Still, these are petty excuses to justify the expense—and need for travel. Even a “staycation” may prove more fulfilling if we could just power down, disconnect, and forget about Facebook for a while. We had a great opportunity to do just that about a year ago when a great storm swept through the Bay Area and knocked out our power for 17 hours straight. Happily, I could not even recharge my dead cell phone. We lit candles and made one of the first fires in our fireplace at this house. I read some of my favorite childhood poems to the kids. I cooked using only the gas burners on the stove. We had a blast. The kids wanted to do it again the next week and a part of me actually considered the possibility. It was with a twinge of sadness that I first logged in to check the email after our sacred and distraction-free time out.
While I’m not ready to part with my car, phone, or the tools that help me keep career-and-home (not any time soon anyway), I have taken some measures to limit the amount of time I let technology dictate my day. For example, a few months ago I subscribed to the weekend edition of the New York Times—in paper. At first my hubby was appalled and suggested I cancel immediately since I can simply read it online, and only the parts that interest me, as he does on his PDA. But when I explained that I didn’t need one more thing to do in front of a computer, he nodded with a little smile. I also try to turn off the computer—off completely—at least two hours in the middle of each day so that even the temptation to quickly check email as I pass by doesn’t get the best of me. And I’ve tried to make it apparent to friends and family to always call my home phone first—so when I’m home and don’t need to be reached by it I can shut my cell phone gloriously off.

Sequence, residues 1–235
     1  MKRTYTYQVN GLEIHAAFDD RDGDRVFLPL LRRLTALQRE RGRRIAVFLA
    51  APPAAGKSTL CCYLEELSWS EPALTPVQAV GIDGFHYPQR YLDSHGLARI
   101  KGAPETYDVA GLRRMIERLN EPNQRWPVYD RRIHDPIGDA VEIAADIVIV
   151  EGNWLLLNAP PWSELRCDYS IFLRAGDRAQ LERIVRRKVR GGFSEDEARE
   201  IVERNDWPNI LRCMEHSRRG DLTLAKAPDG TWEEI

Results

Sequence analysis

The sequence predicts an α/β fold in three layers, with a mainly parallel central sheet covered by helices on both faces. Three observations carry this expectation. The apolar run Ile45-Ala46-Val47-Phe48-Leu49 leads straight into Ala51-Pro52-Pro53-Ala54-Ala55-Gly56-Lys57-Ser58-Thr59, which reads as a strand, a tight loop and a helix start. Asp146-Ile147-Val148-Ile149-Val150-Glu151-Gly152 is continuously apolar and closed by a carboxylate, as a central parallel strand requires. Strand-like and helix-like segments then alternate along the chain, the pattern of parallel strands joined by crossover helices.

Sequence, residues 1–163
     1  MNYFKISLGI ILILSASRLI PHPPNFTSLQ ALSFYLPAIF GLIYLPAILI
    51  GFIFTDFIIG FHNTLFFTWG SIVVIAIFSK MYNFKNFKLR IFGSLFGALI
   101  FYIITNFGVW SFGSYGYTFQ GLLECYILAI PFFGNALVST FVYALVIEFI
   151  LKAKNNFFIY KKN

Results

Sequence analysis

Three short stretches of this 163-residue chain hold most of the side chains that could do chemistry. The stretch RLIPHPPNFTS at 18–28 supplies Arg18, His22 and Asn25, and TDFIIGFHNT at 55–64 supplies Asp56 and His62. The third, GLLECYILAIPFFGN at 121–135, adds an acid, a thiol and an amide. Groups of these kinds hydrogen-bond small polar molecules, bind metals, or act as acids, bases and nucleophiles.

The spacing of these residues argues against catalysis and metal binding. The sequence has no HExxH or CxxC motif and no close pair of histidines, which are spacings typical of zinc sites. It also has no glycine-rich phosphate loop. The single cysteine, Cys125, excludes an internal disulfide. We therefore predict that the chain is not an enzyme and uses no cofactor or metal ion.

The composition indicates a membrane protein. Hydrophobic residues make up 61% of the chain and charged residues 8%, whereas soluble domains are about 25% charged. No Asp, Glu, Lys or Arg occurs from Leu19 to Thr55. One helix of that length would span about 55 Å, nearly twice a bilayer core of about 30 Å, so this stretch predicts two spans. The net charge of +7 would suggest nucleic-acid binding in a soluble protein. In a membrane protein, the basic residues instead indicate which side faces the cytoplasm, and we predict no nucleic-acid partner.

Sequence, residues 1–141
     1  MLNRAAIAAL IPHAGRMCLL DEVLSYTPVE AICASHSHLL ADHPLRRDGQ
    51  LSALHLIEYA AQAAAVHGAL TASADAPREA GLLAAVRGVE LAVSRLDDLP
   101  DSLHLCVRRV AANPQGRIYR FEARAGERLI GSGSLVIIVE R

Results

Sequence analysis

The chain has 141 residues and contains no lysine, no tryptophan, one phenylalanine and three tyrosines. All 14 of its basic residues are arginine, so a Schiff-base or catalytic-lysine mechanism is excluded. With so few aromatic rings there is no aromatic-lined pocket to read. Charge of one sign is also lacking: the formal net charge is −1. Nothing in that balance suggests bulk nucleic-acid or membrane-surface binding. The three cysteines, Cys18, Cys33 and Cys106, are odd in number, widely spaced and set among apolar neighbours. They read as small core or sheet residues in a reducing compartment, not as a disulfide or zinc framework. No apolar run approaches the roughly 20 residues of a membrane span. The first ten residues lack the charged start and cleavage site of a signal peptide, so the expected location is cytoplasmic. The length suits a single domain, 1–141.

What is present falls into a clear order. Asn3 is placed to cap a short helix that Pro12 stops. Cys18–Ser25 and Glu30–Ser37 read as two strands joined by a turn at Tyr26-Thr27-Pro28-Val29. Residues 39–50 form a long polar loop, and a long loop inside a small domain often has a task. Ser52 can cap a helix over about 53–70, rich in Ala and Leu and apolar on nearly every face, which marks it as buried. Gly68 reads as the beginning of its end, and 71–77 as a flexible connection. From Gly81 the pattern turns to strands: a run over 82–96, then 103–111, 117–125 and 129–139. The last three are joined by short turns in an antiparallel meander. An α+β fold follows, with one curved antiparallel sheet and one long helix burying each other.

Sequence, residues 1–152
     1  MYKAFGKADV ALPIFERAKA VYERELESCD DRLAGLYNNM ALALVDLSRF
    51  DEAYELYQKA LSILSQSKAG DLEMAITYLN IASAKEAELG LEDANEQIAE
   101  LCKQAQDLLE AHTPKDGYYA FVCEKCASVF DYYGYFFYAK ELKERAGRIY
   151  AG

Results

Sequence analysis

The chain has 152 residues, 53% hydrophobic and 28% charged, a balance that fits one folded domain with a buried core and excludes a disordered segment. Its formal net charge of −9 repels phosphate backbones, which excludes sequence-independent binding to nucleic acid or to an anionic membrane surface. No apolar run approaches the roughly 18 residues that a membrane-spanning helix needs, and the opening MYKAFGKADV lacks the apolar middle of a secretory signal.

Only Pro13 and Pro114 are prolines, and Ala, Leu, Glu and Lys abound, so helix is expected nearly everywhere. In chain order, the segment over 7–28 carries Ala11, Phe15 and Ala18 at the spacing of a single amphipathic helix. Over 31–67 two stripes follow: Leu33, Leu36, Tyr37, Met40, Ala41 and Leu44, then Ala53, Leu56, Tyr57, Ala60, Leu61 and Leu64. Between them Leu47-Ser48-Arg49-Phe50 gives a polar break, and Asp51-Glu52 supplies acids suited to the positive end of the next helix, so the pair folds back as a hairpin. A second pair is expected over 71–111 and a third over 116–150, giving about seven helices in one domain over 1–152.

When I leave home? I admit more electronics make it into the car than they used to. But let’s just say don’t expect to “find me on Facebook.”
Do you consider technology to be an enhancement or a distracter when you travel? Do you think it cuts into your sacred time together as a family? Will you unplug during an upcoming family vacation—at least for a little while?
This post is part of Photo Friday at DeliciousBaby.com.